North Carolina’s neighboring state of Tennessee became the first in the country to kick start the stomp out drag movement when Governor Bill Lee officially signed the state’s bill regulating drag performances on Thursday March 2, 2023.
It would have become law April 1, however, Trump appointed judge Thomas Parker ruled to block Senate Bill 3 near the end of March, declaring the statute was too broad to be enacted.
As of Friday June 2, Judge Parker officially ruled the law was unconstitutional because it was “vague and substantially overbroad.”
That was a massive game changer.
Drag performers and performances have historically been a part of Pride events dating back to the late 20th century.
Prior to the Tennessee ruling, multiple Pride celebrations throughout the country, especially in all of the 16 states that now have or are considering regulatory laws on drag performances in public places were left to scramble to maintain the presence and performances by drag artists who have become a mainstay of queer culture in modern history.
The possibility of an LGBTQ pride parade or celebration without some sort of drag performance, for most in the queer community, is unthinkable.
While similar bills have been passed and are active in states like Florida (where Pride events have been denied permits by cities, counties and towns) and are under consideration by legislators in others, including in North Carolina, the Tennessee ruling has added some new footing for drag queens and pride organizers, who say they’re ready to fight and move forward as they have in years past.
The North Carolina bill, HB 673, introduced in late April, could potentially ban drag performers from appearances anywhere that is considered public and in the presence of individuals under the age of 18, even if the event is announced or advertised to be private. That would mean no drag performances at any Pride events in the state and the possibility of potentially shutting down drag performances in LGBTQ bars and clubs.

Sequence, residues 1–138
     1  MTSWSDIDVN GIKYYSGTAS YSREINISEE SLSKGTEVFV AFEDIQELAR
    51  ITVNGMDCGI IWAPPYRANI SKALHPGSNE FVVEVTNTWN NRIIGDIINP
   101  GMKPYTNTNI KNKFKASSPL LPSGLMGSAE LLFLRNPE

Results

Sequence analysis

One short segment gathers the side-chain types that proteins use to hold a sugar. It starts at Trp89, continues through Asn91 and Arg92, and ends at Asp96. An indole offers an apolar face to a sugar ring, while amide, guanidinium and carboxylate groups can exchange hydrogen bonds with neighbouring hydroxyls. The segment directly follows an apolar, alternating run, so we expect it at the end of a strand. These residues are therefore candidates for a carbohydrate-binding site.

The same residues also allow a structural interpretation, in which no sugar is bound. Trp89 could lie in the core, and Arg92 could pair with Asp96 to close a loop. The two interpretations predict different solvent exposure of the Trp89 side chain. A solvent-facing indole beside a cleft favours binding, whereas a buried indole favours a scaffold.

It’s important to note that a violation of the NC bill, should it pass, would be considered a class A1 misdemeanor, which is the most serious kind of misdemeanor. That would place a Pride celebration drag show in a category similar to violent crimes such as assault with a deadly weapon, child abuse and sexual battery.
Charlotte’s Pride event isn’t held until August 19-20, to avoid conflict with already established Charlotte area summer festivals and to allow LGBTQ Pride attendees from throughout the region the opportunity to attend multiple Pride celebrations without having to choose one over the other because of a previously affixed date.
Information on Charlotte Pride’s 2023 website confirms that, for now, event plans are status quo for drag performances. In fact, the website is currently encouraging drag performers to sign up for competition and appearances.
While the Tennessee ruling is certainly positive news and a thumbs up for many performers and organizers to attempt to do as they would prefer, it remains unlikely the Republican super majority will step back on their plans to limit drag performances in our state.
But the potential lack of drag performers at a Pride celebration isn’t all there is to be concerned about.
There’s the Proud Boys.
They’ve been described by the Southern Poverty Law Center as a hate group and by multiple criminologists as potentially dangerous for their involvement in often illegal and violent behavior. That includes participation in the 2021 Capital attack and riot; attacks on Black Lives Matter rallies and macing members of a George Floyd March.